Mishra on Amis

I thought that Martin Amis’s long essay–published, not coincidentally, on the eve of the fifth anniversary of the 9/11 attacks– was quite short-sighted. I also found myself in agreement with Pankaj Mishra, who has a reaction to Amis in yesterday’s Observer. Under the title “The Politics of Paranoia,” Mishra examines the failure of many policy makers and intellectuals to understand large parts of the world with which they are engaged.

Many people, such as Martin Amis last weekend, may continue to berate Muslims for their apparent incompatibility with ‘Western’ values of democracy and rationality. We could go on debating forever whether the terrorist acts of British Muslims are directly linked to British policy in the Middle East. But a more urgent question is: where will all this rage and distrust end? Are we hurtling towards the kind of wars that made the previous century so uniquely bloody? How can we change policies that have so comprehensively failed?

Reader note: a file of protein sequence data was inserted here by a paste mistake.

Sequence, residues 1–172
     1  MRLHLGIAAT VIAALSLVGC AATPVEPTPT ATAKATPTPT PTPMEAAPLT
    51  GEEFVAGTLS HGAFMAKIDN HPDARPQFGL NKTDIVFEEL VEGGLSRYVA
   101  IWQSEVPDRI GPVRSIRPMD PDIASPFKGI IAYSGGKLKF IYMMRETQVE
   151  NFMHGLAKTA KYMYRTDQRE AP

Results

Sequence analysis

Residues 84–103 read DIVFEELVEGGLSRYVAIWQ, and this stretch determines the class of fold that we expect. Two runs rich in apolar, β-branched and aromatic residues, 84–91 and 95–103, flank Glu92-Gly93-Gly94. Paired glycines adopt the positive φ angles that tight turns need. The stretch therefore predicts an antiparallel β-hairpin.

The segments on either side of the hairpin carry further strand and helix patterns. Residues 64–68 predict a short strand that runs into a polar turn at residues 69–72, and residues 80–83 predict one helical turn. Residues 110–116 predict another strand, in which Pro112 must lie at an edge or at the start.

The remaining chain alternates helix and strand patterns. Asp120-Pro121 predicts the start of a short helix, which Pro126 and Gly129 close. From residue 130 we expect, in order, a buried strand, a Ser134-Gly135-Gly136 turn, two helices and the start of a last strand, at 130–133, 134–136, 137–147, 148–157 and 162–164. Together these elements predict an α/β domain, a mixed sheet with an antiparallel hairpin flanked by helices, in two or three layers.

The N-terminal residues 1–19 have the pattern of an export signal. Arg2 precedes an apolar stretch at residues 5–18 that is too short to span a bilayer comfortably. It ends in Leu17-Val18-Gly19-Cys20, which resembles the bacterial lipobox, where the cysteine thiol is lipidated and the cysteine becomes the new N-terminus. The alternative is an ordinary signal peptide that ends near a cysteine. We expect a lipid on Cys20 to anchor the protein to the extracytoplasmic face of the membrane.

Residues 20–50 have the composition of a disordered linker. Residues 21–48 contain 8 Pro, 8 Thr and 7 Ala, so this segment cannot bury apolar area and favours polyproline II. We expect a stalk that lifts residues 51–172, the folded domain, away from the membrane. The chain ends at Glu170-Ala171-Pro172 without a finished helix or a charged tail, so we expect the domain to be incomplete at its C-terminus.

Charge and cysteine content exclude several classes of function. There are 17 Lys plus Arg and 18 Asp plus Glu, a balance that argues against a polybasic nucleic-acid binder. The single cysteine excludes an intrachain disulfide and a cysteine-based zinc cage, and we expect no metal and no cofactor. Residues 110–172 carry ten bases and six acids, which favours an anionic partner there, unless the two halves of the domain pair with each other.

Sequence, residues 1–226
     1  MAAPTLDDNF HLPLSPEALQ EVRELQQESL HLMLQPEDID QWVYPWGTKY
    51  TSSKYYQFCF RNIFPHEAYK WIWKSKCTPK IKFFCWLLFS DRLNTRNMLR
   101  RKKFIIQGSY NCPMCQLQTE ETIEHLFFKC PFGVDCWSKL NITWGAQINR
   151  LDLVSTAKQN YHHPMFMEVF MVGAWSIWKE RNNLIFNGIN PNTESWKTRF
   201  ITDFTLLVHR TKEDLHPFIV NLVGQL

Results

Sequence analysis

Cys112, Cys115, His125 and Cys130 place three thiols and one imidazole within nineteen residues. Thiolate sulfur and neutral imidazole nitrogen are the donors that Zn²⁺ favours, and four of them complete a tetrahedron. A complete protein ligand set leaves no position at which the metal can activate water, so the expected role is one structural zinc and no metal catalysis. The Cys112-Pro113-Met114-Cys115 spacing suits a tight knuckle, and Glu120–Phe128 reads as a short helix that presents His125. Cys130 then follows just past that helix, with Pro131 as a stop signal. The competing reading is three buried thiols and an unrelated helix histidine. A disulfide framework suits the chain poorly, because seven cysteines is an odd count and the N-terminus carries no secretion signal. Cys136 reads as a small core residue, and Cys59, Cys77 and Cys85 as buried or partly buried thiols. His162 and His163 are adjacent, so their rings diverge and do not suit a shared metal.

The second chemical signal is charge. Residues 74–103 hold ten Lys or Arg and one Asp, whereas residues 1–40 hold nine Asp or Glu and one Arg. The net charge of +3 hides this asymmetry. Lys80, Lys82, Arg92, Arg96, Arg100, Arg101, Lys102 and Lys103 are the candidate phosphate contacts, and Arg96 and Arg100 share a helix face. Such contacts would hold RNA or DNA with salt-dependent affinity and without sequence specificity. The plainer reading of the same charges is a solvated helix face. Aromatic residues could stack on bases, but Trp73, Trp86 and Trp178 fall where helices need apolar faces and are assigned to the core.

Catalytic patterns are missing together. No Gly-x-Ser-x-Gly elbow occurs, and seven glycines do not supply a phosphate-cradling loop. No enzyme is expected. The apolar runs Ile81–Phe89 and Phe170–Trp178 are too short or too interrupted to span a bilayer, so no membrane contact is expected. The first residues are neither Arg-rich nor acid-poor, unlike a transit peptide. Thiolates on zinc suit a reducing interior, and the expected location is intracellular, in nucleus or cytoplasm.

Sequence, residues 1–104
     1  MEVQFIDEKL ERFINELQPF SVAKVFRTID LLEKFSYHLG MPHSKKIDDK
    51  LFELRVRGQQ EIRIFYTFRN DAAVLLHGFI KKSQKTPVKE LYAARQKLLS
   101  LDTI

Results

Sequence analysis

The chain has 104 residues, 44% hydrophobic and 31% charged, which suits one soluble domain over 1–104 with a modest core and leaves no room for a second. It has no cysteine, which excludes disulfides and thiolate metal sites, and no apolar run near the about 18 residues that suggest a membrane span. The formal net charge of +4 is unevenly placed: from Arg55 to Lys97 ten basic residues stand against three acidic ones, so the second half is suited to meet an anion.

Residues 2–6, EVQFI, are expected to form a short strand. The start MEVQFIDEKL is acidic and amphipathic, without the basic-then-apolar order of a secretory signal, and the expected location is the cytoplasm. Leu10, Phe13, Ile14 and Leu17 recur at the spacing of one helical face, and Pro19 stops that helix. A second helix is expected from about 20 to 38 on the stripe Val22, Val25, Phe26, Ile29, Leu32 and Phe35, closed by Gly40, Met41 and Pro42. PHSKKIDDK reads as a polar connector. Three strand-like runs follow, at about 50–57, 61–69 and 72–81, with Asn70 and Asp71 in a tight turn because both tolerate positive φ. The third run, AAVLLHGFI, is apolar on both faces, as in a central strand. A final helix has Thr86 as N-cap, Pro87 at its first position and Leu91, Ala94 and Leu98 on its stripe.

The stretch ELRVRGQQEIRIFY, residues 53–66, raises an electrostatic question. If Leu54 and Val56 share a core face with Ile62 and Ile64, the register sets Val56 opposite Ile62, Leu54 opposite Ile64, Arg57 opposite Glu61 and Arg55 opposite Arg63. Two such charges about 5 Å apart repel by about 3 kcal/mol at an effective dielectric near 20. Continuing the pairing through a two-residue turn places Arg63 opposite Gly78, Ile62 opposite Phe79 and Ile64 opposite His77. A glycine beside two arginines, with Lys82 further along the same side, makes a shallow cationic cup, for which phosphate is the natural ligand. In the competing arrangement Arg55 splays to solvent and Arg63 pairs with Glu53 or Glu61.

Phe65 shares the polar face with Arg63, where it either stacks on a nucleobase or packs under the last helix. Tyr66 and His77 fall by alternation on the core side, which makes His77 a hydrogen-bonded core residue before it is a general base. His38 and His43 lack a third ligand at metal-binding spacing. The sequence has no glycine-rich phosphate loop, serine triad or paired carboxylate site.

These questions are relevant in democracies, where responsibility for far-reaching decisions lies with political and business elites as well as such shapers of public opinion as journalists, columnists and think-tank pundits. There is no place for such questions in societies that men like Ahmadinejad and Nasrallah preside over, countries where intellectual debate and press freedoms are severely limited. Yet even as these questions have become increasingly urgent in democratic countries, the answers remain elusive. For the ‘war on terror’ is not just a political and military fiasco but also an intellectual one, combining fatally the arrogance of power with the arrogance of mind.

Mishra uses the Vietnam war as an example of what went wrong. You can read the article in full here.

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